COMMITTEE on WAYS and MEANS

Chairman Dave Camp

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Chairman Nunes Announces Hearing on U.S.-Brazil Trade and Investment Relationship: Opportunities and Challenges

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Washington, Jun 5, 2013 | comments

House Ways and Means Trade Subcommittee Chairman Devin Nunes (R-CA) today announced that the Subcommittee will hold a hearing on U.S.-Brazil trade relations.  The hearing will focus on the growing trade and investment relationship between the two countries, the challenges facing U.S. job creators in this vibrant and dynamic market, and how to maximize constructive bilateral engagement – including adequate parliamentary involvement and oversight – regarding these opportunities and challenges.  The hearing will take place on Wednesday, June 12, 2013, in 1100 Longworth House Office Building, beginning at 10:00 A.M.

In view of the limited time available to hear the witnesses, oral testimony at this hearing will be from invited witnesses only.  However, any individual or organization not scheduled for an oral appearance may submit a written statement for consideration by the Committee and for inclusion in the printed record of the hearing.  A list of invited witnesses will follow.

BACKGROUND:

The U.S.-Brazil trade is among our most important and promising trade relationships.  Brazil has been the United States’ eighth largest trading partner on average over the last five years, exceeding $59 billion in two-way trade in 2012 and generating a U.S. trade surplus of over $5.5 billion.  Yet, U.S.-Brazil trade has substantial room to grow.  Brazil’s trade-to-GDP ratio is rising rapidly, from 16 percent a decade ago to 24 percent in 2011 – but its ratio remains one of the lowest in the world.  Brazil’s economy is large and has strong growth potential.  At over $2.4 trillion, Brazil’s gross domestic product (GDP) is roughly equal to that of the United Kingdom (the world’s sixth-largest economy), double that of Canada, a third larger than those of India and Russia, and one-third that of China.  Brazil’s economy has grown rapidly during most of the last two decades, reaching its fastest pace of growth in 2010, with annual growth exceeding 7.5 percent.  GDP growth since 2011 has been slow, however.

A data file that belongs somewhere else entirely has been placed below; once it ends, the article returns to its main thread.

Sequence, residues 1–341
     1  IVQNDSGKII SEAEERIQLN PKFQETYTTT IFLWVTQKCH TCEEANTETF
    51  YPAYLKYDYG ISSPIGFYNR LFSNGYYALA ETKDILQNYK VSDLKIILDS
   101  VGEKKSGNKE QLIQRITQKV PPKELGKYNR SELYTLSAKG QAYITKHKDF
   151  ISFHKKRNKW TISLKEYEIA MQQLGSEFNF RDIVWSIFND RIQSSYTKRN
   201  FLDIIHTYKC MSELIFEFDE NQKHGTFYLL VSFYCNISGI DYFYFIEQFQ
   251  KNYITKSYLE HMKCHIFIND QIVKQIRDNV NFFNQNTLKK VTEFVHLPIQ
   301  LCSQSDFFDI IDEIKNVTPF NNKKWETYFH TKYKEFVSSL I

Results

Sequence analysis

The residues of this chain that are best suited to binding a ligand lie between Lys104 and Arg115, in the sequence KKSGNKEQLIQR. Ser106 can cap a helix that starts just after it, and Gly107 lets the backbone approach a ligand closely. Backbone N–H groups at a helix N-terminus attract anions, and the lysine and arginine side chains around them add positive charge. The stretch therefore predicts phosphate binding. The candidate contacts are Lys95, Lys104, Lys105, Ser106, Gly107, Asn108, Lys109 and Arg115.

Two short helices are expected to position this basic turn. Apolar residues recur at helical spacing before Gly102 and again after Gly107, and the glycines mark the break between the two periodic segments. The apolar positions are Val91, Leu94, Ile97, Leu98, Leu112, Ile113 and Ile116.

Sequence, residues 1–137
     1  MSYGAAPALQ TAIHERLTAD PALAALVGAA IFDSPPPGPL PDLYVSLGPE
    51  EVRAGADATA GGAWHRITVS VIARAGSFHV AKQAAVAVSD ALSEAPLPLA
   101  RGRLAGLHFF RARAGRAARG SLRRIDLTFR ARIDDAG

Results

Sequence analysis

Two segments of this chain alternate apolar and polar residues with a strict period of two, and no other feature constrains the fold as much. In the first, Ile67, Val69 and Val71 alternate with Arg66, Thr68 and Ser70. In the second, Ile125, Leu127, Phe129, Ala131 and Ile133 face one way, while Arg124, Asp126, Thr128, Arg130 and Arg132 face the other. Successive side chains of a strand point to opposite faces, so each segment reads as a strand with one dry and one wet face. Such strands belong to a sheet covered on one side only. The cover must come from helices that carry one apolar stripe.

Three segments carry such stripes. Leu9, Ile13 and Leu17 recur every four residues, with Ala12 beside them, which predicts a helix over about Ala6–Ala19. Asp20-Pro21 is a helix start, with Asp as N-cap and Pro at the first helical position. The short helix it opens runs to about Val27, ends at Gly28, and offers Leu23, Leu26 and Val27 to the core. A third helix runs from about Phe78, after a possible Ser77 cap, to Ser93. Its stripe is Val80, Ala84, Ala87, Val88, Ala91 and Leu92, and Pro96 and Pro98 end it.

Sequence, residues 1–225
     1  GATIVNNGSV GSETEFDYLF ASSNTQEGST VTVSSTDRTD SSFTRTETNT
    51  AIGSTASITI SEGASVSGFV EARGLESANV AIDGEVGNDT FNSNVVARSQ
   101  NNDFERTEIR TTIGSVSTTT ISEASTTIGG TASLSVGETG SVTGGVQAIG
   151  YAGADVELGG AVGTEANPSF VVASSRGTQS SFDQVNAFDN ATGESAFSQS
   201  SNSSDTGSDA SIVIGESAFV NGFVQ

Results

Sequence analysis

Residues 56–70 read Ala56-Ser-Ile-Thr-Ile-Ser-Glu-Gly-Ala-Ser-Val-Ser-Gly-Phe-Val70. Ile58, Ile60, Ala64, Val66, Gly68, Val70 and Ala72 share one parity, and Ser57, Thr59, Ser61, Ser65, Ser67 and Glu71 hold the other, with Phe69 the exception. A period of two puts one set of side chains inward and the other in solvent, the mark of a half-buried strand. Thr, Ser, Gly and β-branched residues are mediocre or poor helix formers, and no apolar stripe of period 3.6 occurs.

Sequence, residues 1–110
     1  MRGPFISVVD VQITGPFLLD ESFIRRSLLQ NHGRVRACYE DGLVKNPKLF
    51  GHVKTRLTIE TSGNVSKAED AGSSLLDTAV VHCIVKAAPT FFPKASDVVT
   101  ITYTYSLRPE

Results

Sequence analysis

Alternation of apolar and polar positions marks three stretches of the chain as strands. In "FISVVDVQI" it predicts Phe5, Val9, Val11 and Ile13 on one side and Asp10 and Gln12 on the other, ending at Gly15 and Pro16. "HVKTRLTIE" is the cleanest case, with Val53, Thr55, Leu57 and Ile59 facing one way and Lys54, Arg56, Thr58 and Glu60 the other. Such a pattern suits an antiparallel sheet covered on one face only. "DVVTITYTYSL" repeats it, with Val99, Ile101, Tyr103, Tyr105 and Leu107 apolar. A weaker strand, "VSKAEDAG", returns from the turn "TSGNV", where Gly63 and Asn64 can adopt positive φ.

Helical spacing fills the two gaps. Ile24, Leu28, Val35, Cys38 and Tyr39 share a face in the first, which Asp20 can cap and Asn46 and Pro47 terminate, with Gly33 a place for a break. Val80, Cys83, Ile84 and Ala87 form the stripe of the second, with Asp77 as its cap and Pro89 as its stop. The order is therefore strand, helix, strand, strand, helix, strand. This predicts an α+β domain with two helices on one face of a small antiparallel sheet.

U.S.-Brazil investment flows are also promising.  U.S. foreign direct investment (FDI) flows into Brazil grew from over $5 billion in 2000 to over $12 billion in 2012, while Brazilian FDI flows into the United States grew from over $100 million in 2000 to over $1.8 billion in 2012.

Historically, the Brazilian government has not pursued bilateral trade and investment engagement, including with the United States, outside of the MERCOSUR arrangement with Argentina, Uruguay, Paraguay (temporarily suspended), and Venezuela.  The current U.S. and Brazilian administrations have substantially increased bilateral dialogue, including repeated presidential-level engagement and a proliferation of lower-level bilateral dialogues involving numerous U.S. departments and Brazilian ministries.  The only state visit to Washington in 2013 will be by Brazilian President Dilma Rousseff, who will visit the White House on October 23.

The U.S.-Brazil trade and investment relationship presents both opportunities and challenges.  Brazil’s industrial policy makes use of industrial tariff rate increases made possible by Brazil’s high bound rates in the WTO, subsidized finance, and forced localization rules, including local content requirements.  But there are also many encouraging commercial developments, as well as an increased willingness in Brazil to engage bilaterally on an expanded constructive trade and investment agenda.

In announcing the hearing, Trade Subcommittee Chairman Nunes said, “Our trade and investment relationship with Brazil should be recognized as one of the United States’ most important. Viewing Brazil simply as one of the BRICS underestimates its emerging leadership role in the developed world and the growing desire among its elected officials and Brazilian business for deeper integration into the global supply chain for goods and services. I look forward to exploring ways to improve the various U.S.-Brazil dialogues in order to advance our mutually beneficial relationship at this promising moment.”

FOCUS OF THE HEARING: